Darwinian Natural Right shows how Darwinian biology supports an Aristotelian view of ethics as rooted in human nature. Defending a conception of "Darwinian natural right" based on the claim that the good is the desirable, the author argues that there are at least twenty natural desires that are universal to all human societies because they are based in human biology. The satisfaction of these natural desires constitutes a universal standard for judging social practice as either fulfilling or frustrating human nature, although prudence is required in judging what is best for particular circumstances.
The author studies the familial bonding of parents and children and the conjugal bonding of men and women as illustrating social behavior that conforms to Darwinian natural right. He also studies slavery and psychopathy as illustrating social behavior that contradicts Darwinian natural right. He argues as well that the natural moral sense does not require religious belief, although such belief can sometimes reinforce the dictates of nature.
"This is one of the best works of its kind that I have read in many years. It is extremely well-written and reads beautifully. Arnhart argues for a Darwinian perspective on morality and human nature generally, combined with an Aristotelian perspective. His argument will be extremely controversial."
– Michael Ruse, Editor, Philosophy and Biology
"This work is an astounding accomplishment. No one else could have done it. The range and depth of the understanding of Aristotle and Darwin are unusual; the capacity to link them to a thorough and accurate treatment of contemporary biology is even more so. And on other thinkers or historical issues, the erudition and clarity are equally precise and illuminating. For decades, we have been told that political philosophy in general and ancients like Aristotle in particular have been rendered obsolete by contemporary science. Social scientists and humanists in general – and political theorists more specifically – will simply have to reconsider their assumptions in the light of this work."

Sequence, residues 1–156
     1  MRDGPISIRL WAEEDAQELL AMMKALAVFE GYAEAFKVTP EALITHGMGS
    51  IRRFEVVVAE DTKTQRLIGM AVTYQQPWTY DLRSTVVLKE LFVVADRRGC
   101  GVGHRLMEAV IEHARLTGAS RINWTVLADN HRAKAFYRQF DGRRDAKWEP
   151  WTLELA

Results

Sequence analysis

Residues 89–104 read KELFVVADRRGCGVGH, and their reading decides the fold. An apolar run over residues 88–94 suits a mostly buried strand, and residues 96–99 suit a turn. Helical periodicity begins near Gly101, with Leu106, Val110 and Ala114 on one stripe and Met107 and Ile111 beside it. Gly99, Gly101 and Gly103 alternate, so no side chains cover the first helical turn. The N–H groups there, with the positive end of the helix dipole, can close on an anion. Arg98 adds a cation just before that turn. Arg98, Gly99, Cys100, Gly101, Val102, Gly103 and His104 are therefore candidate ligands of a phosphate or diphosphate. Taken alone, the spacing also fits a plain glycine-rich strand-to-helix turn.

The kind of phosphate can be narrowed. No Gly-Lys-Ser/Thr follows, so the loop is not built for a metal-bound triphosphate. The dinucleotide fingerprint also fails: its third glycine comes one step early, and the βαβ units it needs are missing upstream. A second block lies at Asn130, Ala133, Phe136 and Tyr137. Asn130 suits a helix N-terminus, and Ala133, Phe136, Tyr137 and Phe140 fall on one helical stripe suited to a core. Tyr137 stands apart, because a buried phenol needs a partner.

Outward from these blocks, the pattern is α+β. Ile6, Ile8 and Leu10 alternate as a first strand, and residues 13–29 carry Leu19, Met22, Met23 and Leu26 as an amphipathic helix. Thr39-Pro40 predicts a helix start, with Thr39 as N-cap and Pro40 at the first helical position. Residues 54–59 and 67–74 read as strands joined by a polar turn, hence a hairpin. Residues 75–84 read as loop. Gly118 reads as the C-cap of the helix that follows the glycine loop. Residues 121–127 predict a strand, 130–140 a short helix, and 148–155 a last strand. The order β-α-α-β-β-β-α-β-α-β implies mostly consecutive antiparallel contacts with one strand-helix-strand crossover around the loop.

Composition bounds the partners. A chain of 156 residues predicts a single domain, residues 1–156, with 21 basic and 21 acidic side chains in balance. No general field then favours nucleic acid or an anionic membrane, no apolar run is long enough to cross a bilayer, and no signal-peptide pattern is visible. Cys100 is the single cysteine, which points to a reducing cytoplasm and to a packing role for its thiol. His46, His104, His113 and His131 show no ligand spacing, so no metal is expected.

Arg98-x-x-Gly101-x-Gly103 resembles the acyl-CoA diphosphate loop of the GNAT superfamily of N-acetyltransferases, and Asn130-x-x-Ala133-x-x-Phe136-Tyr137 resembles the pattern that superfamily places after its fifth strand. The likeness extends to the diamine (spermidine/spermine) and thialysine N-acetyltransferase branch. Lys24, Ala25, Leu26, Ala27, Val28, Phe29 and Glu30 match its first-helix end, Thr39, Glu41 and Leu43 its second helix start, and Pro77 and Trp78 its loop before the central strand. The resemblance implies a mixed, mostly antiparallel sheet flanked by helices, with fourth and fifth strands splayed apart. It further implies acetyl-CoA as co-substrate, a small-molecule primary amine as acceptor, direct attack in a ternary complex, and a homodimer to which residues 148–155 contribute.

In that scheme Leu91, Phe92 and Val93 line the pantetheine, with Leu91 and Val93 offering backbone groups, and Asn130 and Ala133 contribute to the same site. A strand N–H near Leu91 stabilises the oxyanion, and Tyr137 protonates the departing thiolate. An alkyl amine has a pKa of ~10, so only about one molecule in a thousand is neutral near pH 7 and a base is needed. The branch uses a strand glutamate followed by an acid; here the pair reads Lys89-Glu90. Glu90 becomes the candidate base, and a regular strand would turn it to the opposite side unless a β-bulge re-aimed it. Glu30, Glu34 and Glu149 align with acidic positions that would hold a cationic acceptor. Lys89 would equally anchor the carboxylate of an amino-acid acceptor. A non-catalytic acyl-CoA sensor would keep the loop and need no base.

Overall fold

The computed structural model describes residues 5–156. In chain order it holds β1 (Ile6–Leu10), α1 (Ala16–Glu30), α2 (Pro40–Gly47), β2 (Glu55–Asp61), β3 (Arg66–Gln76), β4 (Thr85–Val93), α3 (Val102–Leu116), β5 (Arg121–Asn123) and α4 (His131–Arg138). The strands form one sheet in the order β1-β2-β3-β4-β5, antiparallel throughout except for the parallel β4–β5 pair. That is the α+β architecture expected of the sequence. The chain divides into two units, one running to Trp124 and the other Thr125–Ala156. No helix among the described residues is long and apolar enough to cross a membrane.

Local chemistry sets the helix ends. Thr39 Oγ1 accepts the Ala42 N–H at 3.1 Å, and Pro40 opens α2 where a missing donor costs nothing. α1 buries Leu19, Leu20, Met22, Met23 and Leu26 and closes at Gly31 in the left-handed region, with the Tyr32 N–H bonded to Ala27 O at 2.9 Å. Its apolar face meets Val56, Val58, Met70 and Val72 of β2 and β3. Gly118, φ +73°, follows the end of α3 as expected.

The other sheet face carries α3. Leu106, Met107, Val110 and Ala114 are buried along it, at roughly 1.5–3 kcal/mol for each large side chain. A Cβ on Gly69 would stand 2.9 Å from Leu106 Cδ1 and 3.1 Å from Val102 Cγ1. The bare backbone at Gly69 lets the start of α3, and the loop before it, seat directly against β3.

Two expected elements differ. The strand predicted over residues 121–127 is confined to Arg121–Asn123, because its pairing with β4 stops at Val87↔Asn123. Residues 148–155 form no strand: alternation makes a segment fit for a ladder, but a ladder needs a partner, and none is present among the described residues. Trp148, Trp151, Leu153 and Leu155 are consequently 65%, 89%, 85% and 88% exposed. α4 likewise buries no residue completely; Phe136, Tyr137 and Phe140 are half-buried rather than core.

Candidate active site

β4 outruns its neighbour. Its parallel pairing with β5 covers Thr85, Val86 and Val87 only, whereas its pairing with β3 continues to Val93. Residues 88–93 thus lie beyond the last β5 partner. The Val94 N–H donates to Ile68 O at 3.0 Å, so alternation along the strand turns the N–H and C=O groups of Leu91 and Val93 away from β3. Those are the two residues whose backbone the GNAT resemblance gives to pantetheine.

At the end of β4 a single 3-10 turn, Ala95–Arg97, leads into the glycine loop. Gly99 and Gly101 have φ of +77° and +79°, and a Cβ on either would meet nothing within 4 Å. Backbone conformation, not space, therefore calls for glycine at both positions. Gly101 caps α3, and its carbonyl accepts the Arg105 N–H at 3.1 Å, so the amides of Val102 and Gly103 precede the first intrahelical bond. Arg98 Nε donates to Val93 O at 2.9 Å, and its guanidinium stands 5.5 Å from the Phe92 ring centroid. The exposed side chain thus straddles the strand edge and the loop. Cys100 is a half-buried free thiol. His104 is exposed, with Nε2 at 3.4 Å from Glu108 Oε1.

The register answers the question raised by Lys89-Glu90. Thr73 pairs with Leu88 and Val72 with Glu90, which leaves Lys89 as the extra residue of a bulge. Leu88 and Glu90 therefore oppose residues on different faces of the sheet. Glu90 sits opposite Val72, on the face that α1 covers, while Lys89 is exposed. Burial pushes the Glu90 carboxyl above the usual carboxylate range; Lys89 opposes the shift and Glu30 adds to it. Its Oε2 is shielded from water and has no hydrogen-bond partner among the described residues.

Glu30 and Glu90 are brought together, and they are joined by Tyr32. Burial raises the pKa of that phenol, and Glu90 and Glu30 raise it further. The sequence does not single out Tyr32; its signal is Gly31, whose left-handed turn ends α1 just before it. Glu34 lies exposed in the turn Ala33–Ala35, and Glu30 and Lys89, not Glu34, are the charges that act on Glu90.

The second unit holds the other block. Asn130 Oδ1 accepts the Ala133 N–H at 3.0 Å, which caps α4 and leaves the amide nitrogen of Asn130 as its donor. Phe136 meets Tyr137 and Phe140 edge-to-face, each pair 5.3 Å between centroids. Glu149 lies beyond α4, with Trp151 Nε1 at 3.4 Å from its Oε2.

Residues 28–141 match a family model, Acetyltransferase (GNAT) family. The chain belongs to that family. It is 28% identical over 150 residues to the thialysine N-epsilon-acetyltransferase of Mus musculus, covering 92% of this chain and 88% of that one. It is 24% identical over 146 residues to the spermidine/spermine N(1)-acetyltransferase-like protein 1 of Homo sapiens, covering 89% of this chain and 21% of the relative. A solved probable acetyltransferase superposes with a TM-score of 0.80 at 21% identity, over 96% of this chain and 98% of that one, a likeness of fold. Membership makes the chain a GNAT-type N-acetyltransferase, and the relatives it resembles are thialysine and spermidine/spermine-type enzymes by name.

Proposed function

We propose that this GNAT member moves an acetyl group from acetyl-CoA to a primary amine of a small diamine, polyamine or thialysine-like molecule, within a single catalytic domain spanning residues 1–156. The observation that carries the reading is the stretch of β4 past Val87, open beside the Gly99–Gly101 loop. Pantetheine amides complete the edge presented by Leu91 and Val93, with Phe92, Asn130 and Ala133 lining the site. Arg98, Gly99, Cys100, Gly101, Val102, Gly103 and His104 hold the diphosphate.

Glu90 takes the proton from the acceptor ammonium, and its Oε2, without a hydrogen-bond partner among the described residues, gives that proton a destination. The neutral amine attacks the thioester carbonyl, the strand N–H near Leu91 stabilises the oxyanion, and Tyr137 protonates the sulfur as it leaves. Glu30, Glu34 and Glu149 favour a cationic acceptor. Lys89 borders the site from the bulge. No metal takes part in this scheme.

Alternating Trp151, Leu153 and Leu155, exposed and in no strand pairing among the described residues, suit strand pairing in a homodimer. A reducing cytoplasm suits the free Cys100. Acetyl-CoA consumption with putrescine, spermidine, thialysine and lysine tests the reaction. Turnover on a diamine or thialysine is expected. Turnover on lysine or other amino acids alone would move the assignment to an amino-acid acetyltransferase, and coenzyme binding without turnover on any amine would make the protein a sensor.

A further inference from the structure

– Roger Masters, Dartmouth College
"This is a very intelligent discussion of matters that in the past have invited ideologues as participants and critics. My sense is that this is a book a publisher should be happy to have on its list."
– Timothy Goldsmith, Yale University
"Larry Arnhart is at the cutting edge of the frontiers of political philosophy today. His book on Aristotle and Darwin crowns more than a decade of research on the biological foundations of human nature. He has shown that it is no longer possible to assume that our biological nature is unrelated to our moral nature. He has therefore gone a long way to restoring the credibility of 'the laws of nature and of nature's God,' and of the political science upon which this nature was founded."
– Harry V. Jaffa, Claremont McKenna College and Claremont Graduate School
1. Aristotle, Darwin, and Natural Right
An Intellectual Journey
An Overview of the Book
2. Desire and Reason
The Nature of Desire
The Normative Structure of Animal Movement
Twenty Natural Desires
Four Sources of Moral Disagreement
3. Political Animals
Ants, Bees, and Other Political Animals
The Hobbesian Critique
The Nature of Culture
4. The Human Nature of Morality and Freedom
5. Parent and Child
Plato's Second Wave
Religious Communism in the Oneida Community
Secular Communism in the Kibbutz
Four Biological Causes
The Human Ecology of Parental Investment
Infanticide, Adoption, and Sexual Bonding
6. Man and Woman
The Biology of Sex Differences
Male Dominance and Male Vulnerability
The Moral Complementarity of Male and Female Norms
Natural Genitals and Natural Feet
7. Master and Slave
Ant Slavery and Human Slavery
8. The Poverty of Psychopathic Desire
The Mask of Sanity
The Flat Soul Behind the Mask
An Evolutionary Niche for Machiavellians
To Know But Not to Feel
9. The Ends and Kinds of Life
10. Nature and Nature's God
McShea, Masters, and Wilson
Aristotle and Augustine
Hume and Darwin
Moses and Aquinas
The Desire to Understand
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Larry Arnhart is Professor of Political Science at Northern Illinois University. He is the author of Aristotle on Political Reasoning: A Commentary on the "Rhetoric" and Political Questions: Political Philosophy from Plato to Rawls.